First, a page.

(Masterpieces of Fiction, Detective and Mystery Edition)

With the creation of their husband-and-wife team, Pam and Jerry North, Richard Lockridge and Frances Lockridge added to the small number of mystery novels featuring couples as amateur detectives. The novels featuring the Norths were immensely popular and were developed into a radio and television series, a play, and a motion picture. The Mystery Writers Association awarded the Lockridges the first Edgar Allan Poe Award for the best radio mystery program in 1946.

Both journalists, the Lockridges produced novels at a steady rate, drawing on their own experiences. Even the series about law-enforcement detectives emphasizes the characters’ personal lives and their relationships with their spouses or lovers, creating a comfortable air of stability and family strength. Although the novels feature a variety of detective figures, the Lockridge novels as a whole create a miniature world of their own, in that characters sometimes overlap series. Lockridge readers are thus provided with the pleasure of entry into a familiar world in most of the novels.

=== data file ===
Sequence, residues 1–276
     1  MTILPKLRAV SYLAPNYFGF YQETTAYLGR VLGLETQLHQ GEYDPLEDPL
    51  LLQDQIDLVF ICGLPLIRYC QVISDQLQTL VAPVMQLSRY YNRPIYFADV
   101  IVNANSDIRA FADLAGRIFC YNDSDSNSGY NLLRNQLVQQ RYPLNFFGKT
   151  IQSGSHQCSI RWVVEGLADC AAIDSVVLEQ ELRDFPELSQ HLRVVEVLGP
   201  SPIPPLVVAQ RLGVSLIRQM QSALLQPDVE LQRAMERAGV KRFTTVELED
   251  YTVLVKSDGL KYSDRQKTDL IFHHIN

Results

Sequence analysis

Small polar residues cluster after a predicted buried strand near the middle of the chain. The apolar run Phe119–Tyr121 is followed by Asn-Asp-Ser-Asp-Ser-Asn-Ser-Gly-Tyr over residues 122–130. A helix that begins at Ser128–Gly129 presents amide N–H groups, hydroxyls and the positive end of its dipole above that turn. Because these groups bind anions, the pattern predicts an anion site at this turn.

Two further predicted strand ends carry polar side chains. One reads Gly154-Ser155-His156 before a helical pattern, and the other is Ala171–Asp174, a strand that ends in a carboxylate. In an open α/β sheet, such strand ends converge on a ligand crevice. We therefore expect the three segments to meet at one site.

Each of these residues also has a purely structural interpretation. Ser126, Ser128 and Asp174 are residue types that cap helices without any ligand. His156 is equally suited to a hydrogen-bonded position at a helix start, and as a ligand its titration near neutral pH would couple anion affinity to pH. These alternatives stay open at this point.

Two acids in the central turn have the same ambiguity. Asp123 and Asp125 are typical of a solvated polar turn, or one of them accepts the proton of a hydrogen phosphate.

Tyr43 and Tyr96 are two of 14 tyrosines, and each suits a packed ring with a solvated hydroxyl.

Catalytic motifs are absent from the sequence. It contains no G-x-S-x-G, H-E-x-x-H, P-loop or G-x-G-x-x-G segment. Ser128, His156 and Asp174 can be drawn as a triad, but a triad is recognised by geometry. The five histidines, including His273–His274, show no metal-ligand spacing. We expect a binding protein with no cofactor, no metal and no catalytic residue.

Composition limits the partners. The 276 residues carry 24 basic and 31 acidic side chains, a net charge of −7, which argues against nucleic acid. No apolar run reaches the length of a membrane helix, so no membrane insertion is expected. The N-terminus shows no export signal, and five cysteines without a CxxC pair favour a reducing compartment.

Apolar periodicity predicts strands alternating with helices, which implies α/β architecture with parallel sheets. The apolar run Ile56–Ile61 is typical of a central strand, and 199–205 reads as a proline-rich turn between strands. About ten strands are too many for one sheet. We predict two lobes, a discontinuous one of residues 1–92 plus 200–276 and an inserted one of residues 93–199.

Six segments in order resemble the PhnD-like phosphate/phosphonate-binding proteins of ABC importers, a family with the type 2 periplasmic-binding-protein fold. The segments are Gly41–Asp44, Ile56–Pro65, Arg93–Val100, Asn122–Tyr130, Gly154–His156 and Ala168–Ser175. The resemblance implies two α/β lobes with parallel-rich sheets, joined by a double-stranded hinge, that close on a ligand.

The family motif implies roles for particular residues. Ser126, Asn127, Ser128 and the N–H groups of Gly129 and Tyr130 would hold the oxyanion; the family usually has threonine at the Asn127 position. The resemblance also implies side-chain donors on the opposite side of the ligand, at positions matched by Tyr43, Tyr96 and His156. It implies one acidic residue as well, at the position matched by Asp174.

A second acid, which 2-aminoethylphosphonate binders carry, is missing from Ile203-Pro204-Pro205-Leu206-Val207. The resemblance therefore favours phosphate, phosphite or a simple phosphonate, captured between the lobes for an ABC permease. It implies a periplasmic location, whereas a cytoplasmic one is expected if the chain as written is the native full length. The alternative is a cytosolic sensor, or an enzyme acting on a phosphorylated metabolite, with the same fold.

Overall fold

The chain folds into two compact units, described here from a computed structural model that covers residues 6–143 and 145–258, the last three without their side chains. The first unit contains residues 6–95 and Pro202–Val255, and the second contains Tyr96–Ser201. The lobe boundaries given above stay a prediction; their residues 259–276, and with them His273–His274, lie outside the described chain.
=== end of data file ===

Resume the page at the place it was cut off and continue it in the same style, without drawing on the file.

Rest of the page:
Although the Lockridges’ plotting was seldom intricate, they created a series of personable characters and picked interesting subjects as backgrounds. Simply and clearly written, their novels have been admired for the civilized tone, the gentle humor, and the glimpses they afford of American life.

Richard Lockridge and Frances Lockridge Bibliography

(Masterpieces of Fiction, Detective and Mystery Edition)

Banks, R. Jeff. “Mr. and Mrs. North.” The Armchair Detective 9 (June, 1976): 182-183. Appreciation of the husband-and-wife detective team.

Fraser, C. Gerald. “Richard Lockridge, Writer of North Mysteries.” The New York Times, June 21, 1982, p. D9. Obituary of Richard Lockridge describes his pairing with Frances Lockridge to write the North books and the success of the series.

Lockridge, Richard. Interview by Chris Filstrup and Jane Filstrup. The Armchair Detective 11 (October, 1978): 382-393. Interview with Lockridge about his life, work, and collaboration with his late wife.

Muller, Marcia, and Bill Pronzini, eds. Detective Duos. New York: Oxford University Press, 1997. A collection celebrating tandems in the detective world, including Mr. and Mrs. North. Provides a way to compare and contrast the various pairings.

Penzler, Otto, ed. The Great Detectives. Boston: Little, Brown, 1978. Penzler, the editor of The Armchair Detective and proprietor of the Mysterious Bookshop in New York City, compiled these essays paying tribute to fictional detectives and their creators. Provides context for understanding the Lockridges’ work.

Shumway, David R. Modern Love: Romance, Intimacy, and the Marriage Crisis. New York: New York University Press, 2003. Study of the representation of marriage in literature; helpful in interpreting the representation of Mr. and Mrs. North in the Lockridges’ fiction.